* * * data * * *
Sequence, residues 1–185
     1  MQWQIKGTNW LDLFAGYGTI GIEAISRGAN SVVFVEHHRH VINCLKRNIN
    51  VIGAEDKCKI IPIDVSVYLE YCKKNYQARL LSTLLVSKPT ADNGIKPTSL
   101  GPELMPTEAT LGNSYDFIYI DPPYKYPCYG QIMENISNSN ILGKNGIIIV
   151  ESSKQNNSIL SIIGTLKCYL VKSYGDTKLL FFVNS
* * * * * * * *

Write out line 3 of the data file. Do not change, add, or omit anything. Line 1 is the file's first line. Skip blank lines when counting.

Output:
    51  VIGAEDKCKI IPIDVSVYLE YCKKNYQARL LSTLLVSKPT ADNGIKPTSL